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Cancer Immunol Immunother. 1991;33(5):293-8.

Dietary restriction reduces the incidence of 3-methylcholanthrene-induced tumors in mice: close correlation with its potentiating effect on host T cell functions.

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Laboratory of Nutrition, Faculty of Agriculture, Tohoku University, Sendai, Japan.


All mice treated with 3-methylcholanthrene (MC) suffered with tumor 114 days after treatment. However, 40% dietary restriction caused a great inhibition of tumor incidence. In order to understand the mechanisms by which dietary restriction decreased the occurrence of tumor in mice, we investigated the correlation between tumor incidence and host T cell immune responses. At 114 days after MC administration, the mice were sacrificed and their T cell immune responses were assessed. Flow cytometry studies demonstrated that dietary restriction caused a marked increase of the proportion of Thy 1.2+, L3T4+ T cells in MC-treated diet-restricted mice. Consistent with this result, T cell responses against concanavalin A and interleukin-2 were also potentiated in spleen cells obtained from MC-treated diet-restricted mice, while spleen cells obtained from MC-treated unrestricted mice showed decreased T cell responses because of their tumor burden. Such potentiation of T cell functions by dietary restriction was also observed at earlier stages of MC-induced tumorigenesis. During the course of carcinogenesis, spleen cells obtained from diet-restricted mice showed decreased natural killer activity in vivo. However, in vitro induction of cytotoxic T cells was markedly augmented in MC-treated diet-restricted mice compared with unrestricted mice. These results strongly suggest that the increase of host T cell immune responses might be one of the major causes for the reduction of tumor occurrence by dietary restriction.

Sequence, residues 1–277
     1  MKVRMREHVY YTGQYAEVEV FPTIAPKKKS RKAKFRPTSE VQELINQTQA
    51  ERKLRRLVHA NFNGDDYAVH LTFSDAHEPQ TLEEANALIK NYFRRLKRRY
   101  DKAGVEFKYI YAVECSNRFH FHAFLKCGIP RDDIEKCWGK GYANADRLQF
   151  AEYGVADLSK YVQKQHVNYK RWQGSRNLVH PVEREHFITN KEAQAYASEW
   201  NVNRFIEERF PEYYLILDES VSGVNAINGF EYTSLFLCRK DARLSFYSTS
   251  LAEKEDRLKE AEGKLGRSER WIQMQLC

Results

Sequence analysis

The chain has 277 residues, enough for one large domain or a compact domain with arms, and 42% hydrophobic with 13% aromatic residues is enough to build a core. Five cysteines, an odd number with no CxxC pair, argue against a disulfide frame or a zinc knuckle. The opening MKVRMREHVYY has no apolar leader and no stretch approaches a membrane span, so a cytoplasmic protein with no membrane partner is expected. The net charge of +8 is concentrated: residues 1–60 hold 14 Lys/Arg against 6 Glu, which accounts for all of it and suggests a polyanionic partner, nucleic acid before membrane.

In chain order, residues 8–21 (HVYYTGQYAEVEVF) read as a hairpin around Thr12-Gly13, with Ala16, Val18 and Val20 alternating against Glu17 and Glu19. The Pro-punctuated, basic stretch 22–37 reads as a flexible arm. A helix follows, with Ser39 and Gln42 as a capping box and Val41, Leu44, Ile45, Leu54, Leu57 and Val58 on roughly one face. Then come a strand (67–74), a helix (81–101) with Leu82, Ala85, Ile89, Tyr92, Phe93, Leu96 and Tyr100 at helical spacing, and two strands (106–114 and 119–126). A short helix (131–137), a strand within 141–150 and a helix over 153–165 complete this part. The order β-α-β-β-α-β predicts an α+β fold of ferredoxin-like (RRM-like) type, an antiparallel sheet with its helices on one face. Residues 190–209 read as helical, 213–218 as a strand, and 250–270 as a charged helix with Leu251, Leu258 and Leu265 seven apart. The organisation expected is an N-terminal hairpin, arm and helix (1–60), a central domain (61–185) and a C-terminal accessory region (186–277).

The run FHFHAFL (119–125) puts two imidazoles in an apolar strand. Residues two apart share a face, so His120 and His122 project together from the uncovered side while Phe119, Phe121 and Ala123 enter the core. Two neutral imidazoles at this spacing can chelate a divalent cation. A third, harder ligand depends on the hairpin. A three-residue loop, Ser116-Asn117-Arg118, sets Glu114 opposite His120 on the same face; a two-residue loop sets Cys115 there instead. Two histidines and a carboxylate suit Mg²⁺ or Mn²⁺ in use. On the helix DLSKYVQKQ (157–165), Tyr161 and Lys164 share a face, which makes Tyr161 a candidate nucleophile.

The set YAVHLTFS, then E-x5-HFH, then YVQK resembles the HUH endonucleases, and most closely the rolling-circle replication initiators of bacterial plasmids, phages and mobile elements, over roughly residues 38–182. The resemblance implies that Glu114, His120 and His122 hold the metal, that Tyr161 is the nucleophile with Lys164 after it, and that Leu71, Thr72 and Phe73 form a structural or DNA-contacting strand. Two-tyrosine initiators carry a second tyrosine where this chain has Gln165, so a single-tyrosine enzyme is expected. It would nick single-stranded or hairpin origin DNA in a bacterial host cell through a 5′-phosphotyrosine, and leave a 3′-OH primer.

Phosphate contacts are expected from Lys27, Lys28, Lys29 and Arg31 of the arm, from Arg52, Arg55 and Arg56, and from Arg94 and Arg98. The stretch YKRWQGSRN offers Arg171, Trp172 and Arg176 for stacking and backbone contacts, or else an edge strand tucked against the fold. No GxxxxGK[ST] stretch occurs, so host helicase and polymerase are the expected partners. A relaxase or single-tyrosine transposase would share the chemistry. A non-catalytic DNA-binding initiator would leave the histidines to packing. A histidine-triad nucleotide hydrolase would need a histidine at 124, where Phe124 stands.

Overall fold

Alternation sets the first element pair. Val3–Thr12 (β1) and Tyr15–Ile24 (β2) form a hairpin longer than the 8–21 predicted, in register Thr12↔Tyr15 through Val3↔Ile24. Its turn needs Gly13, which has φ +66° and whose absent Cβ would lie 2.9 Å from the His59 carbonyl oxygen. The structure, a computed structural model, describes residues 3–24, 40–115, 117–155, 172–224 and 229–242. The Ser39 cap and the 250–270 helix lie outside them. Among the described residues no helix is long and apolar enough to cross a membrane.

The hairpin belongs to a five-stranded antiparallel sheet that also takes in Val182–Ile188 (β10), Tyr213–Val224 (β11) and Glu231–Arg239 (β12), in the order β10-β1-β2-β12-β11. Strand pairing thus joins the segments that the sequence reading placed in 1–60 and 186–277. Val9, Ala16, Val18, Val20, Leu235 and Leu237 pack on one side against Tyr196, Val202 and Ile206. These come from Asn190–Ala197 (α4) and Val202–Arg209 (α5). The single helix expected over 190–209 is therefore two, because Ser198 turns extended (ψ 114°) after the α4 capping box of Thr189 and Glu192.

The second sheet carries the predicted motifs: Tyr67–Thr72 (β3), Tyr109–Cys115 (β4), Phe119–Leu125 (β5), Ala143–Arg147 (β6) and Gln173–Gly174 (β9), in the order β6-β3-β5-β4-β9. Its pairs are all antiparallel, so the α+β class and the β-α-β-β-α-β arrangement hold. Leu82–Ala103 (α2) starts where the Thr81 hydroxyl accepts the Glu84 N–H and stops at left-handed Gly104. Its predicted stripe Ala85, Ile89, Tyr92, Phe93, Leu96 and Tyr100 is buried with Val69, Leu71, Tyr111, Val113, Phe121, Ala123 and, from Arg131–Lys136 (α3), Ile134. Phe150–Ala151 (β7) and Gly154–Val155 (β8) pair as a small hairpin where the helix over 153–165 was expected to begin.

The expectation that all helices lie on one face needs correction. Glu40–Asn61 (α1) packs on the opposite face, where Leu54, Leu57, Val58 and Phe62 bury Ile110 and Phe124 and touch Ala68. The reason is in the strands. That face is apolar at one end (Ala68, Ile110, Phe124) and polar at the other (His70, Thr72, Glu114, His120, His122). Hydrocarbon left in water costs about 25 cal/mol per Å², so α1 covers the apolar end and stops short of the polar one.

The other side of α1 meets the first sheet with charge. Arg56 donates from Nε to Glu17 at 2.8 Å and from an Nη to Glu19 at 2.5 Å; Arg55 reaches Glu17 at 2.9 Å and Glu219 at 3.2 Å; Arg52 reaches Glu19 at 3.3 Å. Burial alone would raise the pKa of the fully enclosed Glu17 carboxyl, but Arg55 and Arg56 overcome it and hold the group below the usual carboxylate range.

[Indexed for MEDLINE]

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